Tag Archives: Florida East Coast Railway

Let’s Talk About Florida East Coast Railway and the Obama Cuba Policy


The new U.S. policy that may open up trade opportunities with Cuba would make FEC a very attractive stock, because the 351-mile railroad that starts in Jacksonville is the only rail line that connects to the port of Miami. Actually, it makes FEC attractive as a buyout candidate even if it doesn’t go public.
Back when Florida East Coast Industries Inc. was a public company, its stock was always sensitive to hints that trade may be opening up with Cuba. Of course, that never panned out.

Port of Miami Port of Miami

One investment manager who constantly talked up FEC was Thomas Herzfeld of Miami Beach, who runs a mutual fund called the Herzfeld Caribbean Basin Fund.
The Herzfeld fund invests in companies with economic ties throughout the Caribbean, but its particular focus is Cuba. The fund’s ticker symbol is “CUBA.”
Herzfeld began buying shares of FEC in the early 1990s and its…

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Florida East Coast Railway Runs Inaugural Of New GE Tier 3 ES44C4 locomotives

JACKSONVILLE, Fla.,  Nov. 26, 2014 /PRNewswire/ — On  Friday, November 21 st, Florida East Coast Railway (FECR) completed the inaugural run of its first two new GE ES44C4 locomotives.  Locomotives FEC 803 and FEC 804 provided state-of-the-art Tier 3 locomotive power to FECR Train 101; the company’s most expedited through-freight train, transporting automotive, carload and intermodal freight from    Jacksonville to Miami.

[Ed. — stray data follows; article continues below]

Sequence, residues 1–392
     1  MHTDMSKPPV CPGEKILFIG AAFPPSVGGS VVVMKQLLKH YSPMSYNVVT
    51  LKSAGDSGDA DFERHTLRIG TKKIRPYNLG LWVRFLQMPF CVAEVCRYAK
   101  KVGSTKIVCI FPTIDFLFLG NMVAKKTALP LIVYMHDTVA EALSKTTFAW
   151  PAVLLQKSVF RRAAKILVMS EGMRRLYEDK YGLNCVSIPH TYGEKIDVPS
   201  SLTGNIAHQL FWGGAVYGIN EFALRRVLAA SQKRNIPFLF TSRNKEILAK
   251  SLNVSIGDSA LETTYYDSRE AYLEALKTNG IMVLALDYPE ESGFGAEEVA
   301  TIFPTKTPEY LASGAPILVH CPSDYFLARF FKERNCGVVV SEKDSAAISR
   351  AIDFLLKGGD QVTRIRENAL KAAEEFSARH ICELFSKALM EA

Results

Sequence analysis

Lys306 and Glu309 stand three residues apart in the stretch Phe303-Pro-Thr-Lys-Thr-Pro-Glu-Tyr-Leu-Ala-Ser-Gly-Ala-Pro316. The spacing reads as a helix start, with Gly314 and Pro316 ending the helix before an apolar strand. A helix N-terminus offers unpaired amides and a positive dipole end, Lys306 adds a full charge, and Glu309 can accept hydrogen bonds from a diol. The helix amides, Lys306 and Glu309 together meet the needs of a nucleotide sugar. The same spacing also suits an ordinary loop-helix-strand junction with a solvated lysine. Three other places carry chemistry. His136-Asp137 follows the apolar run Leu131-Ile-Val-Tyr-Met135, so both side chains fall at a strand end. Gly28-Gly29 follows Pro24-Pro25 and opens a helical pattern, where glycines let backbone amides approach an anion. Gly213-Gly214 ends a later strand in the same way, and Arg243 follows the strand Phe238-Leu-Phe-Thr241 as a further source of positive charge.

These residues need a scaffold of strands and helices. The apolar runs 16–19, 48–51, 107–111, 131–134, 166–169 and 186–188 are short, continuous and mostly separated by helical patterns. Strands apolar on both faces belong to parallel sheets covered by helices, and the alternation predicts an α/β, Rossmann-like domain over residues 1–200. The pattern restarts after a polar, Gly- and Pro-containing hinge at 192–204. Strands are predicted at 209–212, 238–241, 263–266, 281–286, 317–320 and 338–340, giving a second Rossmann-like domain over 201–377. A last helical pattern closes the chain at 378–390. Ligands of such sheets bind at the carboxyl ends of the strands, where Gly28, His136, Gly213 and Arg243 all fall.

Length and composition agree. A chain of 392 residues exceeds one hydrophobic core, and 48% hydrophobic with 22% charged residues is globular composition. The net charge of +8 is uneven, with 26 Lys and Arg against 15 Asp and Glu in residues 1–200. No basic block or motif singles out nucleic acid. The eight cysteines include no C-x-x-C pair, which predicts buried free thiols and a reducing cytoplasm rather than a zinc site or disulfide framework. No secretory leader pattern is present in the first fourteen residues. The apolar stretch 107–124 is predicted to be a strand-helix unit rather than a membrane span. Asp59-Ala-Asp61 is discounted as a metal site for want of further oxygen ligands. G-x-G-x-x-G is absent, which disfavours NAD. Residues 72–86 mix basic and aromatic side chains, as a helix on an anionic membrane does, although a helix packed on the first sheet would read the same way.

FECR team members worked to prepare the locomotives for the first run, ensuring smooth operations for the historic inaugural trip.  According to   David Kobryn, FECR Locomotive Superintendent, “Within days of these units arriving in    Jacksonville, our Mechanical Team had completed standard service procedures, equipped the units with WiTonix, and they were ready for service.”


The new locomotives also got positive reviews from the FECR operations team.”The new locomotives are quiet and comfortable in the cab.  Overall I was impressed by the way they handled,” said   Donald Wolff, FECR Locomotive Engineer.


Mark Baker, FECR Conductor, similarly said, “The new GE locomotives are quieter with a comfortable ride and loud horn.  The radio on the conductor side of the cab is a definite plus and good to have for emergencies.”


“What a thrill it was to be able to be part of the crew for this historic event with the new GE additions to the FECR fleet,” said   Eric Usina, FECR Road Foreman of Engines.  “These new GE locomotives exceeded my expectations in every way on this first run.”


Fran Chinnici, Senior Vice President of Mechanical, Engineering and Purchasing was onboard this inaugural run with his key staff members and GE personnel.  He said, “I am extremely pleased with the initial performance of these new locomotives and look forward to the many benefits these units provide, including fuel efficiency and reduced emissions.  This exciting time for FECR was made even more special by all the FECR rail fans waving and taking pictures up and down the route.”